4. (8.5km, 5½ miles) To continue, turn left down the farm road to the junction with York Lane – one of the main, albeit narrow, roads into Huggate. Turning right, you are now faced with a breezy 1½miles along this lane – at about 210m(700ft) above sea level you are close to the highest point of the Yorkshire Wolds. Along this road note the concrete bollards bearing Latin inscriptions at field gateways whilst a large chalk quarry ahead to your left is something of an eyesore. Continue straight on at a crossroads, after which the road descends past a sheltering belt of woodland to the picnic site at Wayrham. There are several picnic tables here, and this could be an ideal spot for lunch, but the site is exposed to weather from the west. Depending on the weather either take lunch here or continue a little further into the confines of Wayrham Dale.

  5. (11.5km, 7 miles) At a corner of the picnic site a footpath sign points up to the main York - Bridlington road. Cross with care as traffic sweeps down in both directions at high speed, and follow a track down to a gate into Wayrham Dale. Walk down the valley and enter a wooded section – quite surprising for these parts as the trees are conifers – Christmas trees! The track swings right and the woodland becomes more open. At another gate/stile you leave the woodland and are back in the more typical Wolds landscape, with the sides of the dale rising steeply around you - at some point soon you will have to climb out of here! At the next gate/stile bear left down the main valley heading towards Thixendale. A Wolds Way signpost stand at the bottom of a stony track, which climbs up the right-hand hillside – this is your way up. At the top the track meets a road by Gills Farm.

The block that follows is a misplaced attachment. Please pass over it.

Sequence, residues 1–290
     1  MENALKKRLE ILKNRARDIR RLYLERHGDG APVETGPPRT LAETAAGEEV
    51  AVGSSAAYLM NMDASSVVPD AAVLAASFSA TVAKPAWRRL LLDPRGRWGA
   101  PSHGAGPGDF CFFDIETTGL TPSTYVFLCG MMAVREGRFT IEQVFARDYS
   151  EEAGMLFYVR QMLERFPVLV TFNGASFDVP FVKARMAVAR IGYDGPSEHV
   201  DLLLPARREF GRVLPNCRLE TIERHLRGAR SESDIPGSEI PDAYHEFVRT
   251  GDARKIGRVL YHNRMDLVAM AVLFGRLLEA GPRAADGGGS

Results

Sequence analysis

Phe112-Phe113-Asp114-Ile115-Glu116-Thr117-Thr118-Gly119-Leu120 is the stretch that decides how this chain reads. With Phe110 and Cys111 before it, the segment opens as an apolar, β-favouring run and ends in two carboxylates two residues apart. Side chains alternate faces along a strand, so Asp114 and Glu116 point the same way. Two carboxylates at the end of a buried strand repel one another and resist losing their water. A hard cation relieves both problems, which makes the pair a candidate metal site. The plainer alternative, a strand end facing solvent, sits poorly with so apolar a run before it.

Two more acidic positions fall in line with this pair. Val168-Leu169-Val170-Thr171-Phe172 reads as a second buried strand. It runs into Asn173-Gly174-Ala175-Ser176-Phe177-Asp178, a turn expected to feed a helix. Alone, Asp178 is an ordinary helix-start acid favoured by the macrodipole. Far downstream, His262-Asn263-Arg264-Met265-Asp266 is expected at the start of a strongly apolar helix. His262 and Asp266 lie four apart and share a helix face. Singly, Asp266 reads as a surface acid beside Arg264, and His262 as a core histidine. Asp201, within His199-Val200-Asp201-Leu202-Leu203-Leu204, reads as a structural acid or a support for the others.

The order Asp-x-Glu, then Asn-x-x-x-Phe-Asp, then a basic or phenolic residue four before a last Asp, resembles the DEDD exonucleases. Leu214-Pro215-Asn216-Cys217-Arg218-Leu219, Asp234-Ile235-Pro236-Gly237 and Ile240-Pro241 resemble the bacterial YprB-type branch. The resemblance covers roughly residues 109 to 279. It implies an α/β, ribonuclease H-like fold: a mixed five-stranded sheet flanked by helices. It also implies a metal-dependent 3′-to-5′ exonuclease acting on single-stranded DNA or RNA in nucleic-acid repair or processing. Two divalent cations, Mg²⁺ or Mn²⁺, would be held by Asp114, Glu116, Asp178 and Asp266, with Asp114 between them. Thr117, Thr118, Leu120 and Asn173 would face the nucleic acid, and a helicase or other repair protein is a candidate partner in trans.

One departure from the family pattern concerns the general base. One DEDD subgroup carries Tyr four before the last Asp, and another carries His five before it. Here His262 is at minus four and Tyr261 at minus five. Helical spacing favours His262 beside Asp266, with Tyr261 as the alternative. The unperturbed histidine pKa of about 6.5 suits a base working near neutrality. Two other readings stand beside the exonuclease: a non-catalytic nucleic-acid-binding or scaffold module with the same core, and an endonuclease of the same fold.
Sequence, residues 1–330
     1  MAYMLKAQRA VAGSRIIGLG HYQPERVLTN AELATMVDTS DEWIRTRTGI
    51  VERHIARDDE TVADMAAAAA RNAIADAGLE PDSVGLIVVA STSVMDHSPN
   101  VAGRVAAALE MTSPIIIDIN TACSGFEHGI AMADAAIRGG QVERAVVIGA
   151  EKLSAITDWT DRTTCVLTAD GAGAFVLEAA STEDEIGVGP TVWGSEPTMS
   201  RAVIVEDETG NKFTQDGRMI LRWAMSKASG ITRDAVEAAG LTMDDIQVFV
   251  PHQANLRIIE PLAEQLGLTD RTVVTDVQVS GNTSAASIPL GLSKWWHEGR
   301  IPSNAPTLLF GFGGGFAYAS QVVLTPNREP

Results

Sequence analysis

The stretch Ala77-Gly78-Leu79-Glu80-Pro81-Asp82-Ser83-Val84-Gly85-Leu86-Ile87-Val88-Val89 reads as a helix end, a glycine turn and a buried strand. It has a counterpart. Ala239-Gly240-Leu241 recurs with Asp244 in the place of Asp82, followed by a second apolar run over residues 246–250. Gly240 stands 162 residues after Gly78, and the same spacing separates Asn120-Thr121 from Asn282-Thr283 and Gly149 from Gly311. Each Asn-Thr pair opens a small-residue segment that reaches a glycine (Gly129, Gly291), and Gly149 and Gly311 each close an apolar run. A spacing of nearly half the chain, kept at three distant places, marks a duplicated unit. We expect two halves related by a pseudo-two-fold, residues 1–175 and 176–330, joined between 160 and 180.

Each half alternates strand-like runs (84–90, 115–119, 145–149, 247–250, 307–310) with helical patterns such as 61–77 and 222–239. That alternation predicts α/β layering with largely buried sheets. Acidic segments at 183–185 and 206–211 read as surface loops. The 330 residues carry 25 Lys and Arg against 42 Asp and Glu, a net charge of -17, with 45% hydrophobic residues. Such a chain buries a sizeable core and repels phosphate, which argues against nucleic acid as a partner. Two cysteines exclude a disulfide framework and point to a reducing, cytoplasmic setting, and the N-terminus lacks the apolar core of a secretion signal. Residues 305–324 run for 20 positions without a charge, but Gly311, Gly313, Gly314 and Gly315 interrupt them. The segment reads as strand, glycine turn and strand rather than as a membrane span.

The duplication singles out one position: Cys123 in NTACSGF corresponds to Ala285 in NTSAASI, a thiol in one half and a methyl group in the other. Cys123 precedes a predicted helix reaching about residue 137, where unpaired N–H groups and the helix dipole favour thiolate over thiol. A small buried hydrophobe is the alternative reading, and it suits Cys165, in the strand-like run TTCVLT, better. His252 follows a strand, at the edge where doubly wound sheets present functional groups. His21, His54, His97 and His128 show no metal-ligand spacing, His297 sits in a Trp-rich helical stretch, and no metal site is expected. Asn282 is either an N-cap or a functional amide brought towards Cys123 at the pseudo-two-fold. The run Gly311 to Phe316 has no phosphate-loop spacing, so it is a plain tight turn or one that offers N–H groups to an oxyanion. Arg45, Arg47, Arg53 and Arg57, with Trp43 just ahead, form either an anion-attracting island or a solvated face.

6. (14km, 8½miles) Go through the gate opposite to follow the Wolds Way down the side of the farm (old maps may show the path going through the farm – this was changed a few years ago). The clearly marked path descends straight down to a stile in Brubber Dale – not cutting diagonally across as shown on the current Explorer map. (The Countryside Commission Stewardship Scheme also allows access for anyone wishing to explore further up Brubber Dale.) Turn right (due south) as indicated by the Wolds Way sign and take the track that climbs diagonally up the left-hand side of the dale. (Not sign-posted but is directly in line with original route of the path as shown on the OS map). This is the final climb, you will be relieved to know, and is followed by a level 800m (½mile) along field sides, past a large animal-feed mill (another eye-sore!) into Fridaythorpe. Turn right along the lane to the pond, behind which a new housing development stands on the site of Mere Farm. (16km/10miles)

    Along the Way

    Fridaythorpe is a small village on the main York to Bridlington road. Its main claim to fame is for being the midpoint of the 80-mile Wolds Way national trail from the Humber Bridge to Filey. It was here that the Wold Way was officially declared open in October 1982. A new sign, by the pond, commemorates the 21st anniversary of the Wolds Way.

    The stones with Latin inscriptions were erected in 1960 to commemorate old 17th century field names. By a strange coincidence, I last studied Latin in 1960 but with a little help was still able to translate some of the inscriptions – PORTA MERIDIA – middle door or gate, VALLIS STONEDALE – Stonedale Valley, and KEEP BRITAIN TIDY – er…..!

    Arnold Underwood & Caroline Gowthorpe/LWC (Jan/Feb 2004) Revised Jan2006

This page was created by
Arnold Underwood